Committee recommendations pave way for drone deliveries

The FAA has been working for months to iron out drone regulations, being forced to toe the line between public safety and the needs of innovation. Drones hold a lot of promise in many fields, but current restrictions mean many companies aren't able to use them — forcing some like Amazon to head to other countries for testing. According to a new report, that could change soon, as the government is said to be working on changes that could allow commercial drone flights over populated regions.

The information comes from the Associated Press, which reports that it has learned about a committee — sponsored by the government — that is creating standards for allowing drones to be operated over populous areas. This contrasts present regulations, which require operators to avoid flying over areas where people are located...the idea being that a fallen drone could cause serious injury if it lands on someone.

Such regulations are too restrictive, though, and would make things like Amazon's drone delivery dreams an impossibility, at least in the U.S. Drone deliveries aren't the only thing hampered by current regulations; insurance companies and more anticipate using drones to survey equipment and properties, something that's currently only possible in rural, unpopulated areas.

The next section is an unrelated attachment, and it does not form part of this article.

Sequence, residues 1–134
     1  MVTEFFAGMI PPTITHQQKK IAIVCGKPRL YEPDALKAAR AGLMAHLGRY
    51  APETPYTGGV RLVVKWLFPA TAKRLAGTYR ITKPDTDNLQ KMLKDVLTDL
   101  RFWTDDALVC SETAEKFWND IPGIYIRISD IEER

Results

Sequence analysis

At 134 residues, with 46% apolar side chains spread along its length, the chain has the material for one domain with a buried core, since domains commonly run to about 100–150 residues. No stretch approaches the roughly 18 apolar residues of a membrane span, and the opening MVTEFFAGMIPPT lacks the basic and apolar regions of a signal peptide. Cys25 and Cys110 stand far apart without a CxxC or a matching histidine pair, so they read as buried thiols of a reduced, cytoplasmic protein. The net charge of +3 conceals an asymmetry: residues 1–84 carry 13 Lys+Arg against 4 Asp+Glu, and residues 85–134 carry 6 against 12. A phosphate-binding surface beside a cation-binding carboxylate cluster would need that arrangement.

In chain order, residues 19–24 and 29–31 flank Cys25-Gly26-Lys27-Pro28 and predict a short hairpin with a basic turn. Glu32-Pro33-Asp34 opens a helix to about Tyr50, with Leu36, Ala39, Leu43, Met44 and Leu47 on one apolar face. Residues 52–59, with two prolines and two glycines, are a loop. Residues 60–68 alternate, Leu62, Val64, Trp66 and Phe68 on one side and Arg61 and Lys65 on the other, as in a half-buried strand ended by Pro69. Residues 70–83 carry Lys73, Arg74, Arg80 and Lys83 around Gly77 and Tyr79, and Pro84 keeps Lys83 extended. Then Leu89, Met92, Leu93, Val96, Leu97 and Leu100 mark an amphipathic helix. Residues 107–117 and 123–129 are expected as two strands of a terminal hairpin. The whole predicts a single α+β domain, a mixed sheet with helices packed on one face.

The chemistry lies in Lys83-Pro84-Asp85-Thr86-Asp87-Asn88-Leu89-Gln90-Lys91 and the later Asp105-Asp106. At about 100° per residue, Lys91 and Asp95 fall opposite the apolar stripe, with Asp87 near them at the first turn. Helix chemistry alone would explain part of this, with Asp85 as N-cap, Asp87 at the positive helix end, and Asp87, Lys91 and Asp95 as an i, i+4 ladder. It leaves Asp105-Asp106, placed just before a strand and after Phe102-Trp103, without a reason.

These new commercial standards recommendations were reportedly sent to the FAA last Friday, and according to the AP, which saw a copy, they seek the creation of four categories of drone sizes that commercial entities could fly over populated regions. These drone sizes would range from as small as under half a pound, and would have permissions and restrictions based on size and safety.

Should these recommendations implemented, manufacturers would need to demonstrate the odds of their drone causing serious injury in the event of a crash as being no greater than 1-percent. While some critics and organizations are seeking a formal aviation education requirement to operate drones, a source claims that most lawmakers aren't seeking anything greater than the knowledge necessary to pass an online drone operation test.

These are only recommendations, however, and the FAA can choose to change or discard them as it sees fit.

SOURCE: Detroit News